Last year, the country produced more than 31,000 tonnes carcass weight of goat and shipped 90% abroad, equivalent to 28,426 tonnes. The remainder is sold on the domestic market, where rising immigration from parts of Asia where goat is popular has brought a growing taste for the meat.
Julie Petty, goat industry project manager at Meat and Livestock Australia, an industry group that promotes beef, lamb and goat meat in domestic and international markets, said domestic market is growing, albeit off a small base.
She believes the domestic market’s potential could be worth an additional A$13m (US$9.3m) to the industry.
“We have a mix of both anecdotal evidence and a little bit of data that is indicating that the domestic market is increasing in its interest of the product,” Petty said. “The producers are getting a lot more enquiries from butchers, restaurants and foodservice operators for goat meat products.”
Highlighting the disparity between exports and domestic availability she added: “There is certainly a market but purely because of the supply constraints at the present time, it’s not a really obvious market.
“Because of these constraints, we have to be very careful about how we go out and promote the products and talk about their availability so there’s not the expectation that you can go out to market and get it every day.”
Last year, MLA set out a strategy to further boost demand across Australia, after commissioning a survey that identified new markets beyond consumers who traditionally include goat meat in their diets.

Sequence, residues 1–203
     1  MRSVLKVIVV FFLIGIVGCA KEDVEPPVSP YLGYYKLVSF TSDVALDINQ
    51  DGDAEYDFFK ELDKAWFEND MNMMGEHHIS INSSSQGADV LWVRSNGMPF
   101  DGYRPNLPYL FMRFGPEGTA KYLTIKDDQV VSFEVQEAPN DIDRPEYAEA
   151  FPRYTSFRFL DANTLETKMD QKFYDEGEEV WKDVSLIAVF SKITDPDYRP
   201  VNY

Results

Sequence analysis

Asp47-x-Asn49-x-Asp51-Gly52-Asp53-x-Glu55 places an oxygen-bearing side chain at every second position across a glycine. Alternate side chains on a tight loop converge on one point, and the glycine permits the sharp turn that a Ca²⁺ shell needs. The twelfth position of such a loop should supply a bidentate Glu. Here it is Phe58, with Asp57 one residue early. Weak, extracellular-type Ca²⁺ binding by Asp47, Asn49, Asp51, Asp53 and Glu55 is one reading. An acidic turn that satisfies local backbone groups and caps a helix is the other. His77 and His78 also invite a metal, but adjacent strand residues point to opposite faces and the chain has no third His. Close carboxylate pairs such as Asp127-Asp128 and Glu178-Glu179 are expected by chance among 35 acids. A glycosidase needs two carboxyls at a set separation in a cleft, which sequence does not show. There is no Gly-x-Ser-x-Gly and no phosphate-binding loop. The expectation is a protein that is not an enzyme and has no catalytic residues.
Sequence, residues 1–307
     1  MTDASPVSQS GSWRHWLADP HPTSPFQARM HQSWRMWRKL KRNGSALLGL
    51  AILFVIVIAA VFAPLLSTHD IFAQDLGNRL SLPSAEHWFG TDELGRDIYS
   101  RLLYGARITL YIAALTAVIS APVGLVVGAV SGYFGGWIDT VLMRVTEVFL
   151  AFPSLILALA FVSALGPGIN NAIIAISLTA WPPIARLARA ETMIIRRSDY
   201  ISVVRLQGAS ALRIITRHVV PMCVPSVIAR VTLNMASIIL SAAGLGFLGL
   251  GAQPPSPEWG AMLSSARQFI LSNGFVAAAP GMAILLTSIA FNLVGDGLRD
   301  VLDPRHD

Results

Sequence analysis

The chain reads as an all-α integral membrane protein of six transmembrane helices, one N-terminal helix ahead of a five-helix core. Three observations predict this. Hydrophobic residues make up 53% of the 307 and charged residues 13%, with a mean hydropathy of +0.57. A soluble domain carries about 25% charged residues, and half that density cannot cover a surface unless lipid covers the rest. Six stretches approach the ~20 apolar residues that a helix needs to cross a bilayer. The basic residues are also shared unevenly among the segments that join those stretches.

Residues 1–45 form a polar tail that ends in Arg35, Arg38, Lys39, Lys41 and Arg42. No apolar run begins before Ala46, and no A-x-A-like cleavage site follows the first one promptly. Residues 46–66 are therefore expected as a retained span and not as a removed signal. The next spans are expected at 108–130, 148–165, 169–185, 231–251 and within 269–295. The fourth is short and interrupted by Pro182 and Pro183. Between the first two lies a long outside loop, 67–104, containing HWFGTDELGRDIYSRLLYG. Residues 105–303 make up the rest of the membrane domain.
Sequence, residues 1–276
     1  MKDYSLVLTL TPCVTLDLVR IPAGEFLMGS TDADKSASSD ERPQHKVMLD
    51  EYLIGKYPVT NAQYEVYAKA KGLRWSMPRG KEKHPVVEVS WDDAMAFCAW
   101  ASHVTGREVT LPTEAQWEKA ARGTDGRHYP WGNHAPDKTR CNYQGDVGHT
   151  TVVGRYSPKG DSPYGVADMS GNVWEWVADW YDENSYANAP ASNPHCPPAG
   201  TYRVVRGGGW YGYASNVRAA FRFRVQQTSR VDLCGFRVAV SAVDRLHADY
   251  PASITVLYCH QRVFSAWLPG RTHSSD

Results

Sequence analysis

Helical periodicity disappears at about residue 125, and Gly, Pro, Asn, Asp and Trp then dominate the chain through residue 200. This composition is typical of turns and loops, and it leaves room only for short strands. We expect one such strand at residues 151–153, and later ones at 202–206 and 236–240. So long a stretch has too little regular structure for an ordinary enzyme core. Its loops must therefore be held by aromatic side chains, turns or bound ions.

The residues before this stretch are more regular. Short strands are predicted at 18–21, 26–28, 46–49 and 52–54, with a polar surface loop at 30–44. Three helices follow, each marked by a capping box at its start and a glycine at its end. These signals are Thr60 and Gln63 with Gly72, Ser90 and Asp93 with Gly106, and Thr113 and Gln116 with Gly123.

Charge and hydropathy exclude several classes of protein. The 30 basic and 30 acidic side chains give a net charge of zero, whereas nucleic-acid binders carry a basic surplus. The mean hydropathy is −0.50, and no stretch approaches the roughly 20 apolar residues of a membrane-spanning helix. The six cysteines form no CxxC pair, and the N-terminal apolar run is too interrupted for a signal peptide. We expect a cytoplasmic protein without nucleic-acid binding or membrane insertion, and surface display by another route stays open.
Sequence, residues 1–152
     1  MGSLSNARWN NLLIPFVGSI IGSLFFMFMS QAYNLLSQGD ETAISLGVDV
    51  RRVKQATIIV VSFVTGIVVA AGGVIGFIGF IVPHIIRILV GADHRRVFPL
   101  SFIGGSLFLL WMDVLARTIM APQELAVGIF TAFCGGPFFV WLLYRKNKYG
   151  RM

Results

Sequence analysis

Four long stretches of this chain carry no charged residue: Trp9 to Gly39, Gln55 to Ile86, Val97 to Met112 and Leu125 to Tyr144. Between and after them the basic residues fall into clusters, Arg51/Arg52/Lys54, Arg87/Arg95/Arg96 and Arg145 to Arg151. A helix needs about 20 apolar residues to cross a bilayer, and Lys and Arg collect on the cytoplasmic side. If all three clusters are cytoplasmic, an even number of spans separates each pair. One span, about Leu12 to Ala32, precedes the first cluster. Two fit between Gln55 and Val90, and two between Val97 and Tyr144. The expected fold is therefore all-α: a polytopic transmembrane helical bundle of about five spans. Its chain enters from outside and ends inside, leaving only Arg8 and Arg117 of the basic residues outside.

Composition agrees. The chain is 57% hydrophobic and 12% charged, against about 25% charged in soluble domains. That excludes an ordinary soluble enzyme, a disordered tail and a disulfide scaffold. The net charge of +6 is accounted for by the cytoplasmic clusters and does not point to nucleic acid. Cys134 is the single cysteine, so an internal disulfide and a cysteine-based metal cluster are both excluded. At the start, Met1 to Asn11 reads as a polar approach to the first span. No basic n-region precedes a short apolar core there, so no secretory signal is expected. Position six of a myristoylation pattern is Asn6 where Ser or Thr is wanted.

The plan will focus on ways to add value through “new cooking technologies and well-conceived meal solutions”.
Petty said there was the potential to lift the profile of goat meat among Australian consumers to the same level as other secondary animal proteins such as salmon, tuna, mussels, duck, kangaroo, turkey and venison.
“In the last 20 years, several secondary proteins have risen to prominence beyond the restaurant scene, to become mainstays of supermarket offerings, where most Australians buy their meat,” said Petty.
“There are lessons from the success of secondary proteins that goat meat can learn from and adapt to grow demand while remaining true to the product’s qualities and character.”
At the same time, MLA hopes to increase the number of goats available to the domestic market by persuading farmers that breeding more of the ruminants would be profitable for them.
“Goats are smaller, faster growing animals and you get turnaround much more quickly than cattle just because they are smaller with different lifespans and different reproduction cycles,” said Petty.
“I’ve been involved in the goat industry for as long as I can remember—my parents had goats on our property from the year dot. It’s a very interesting and versatile product.”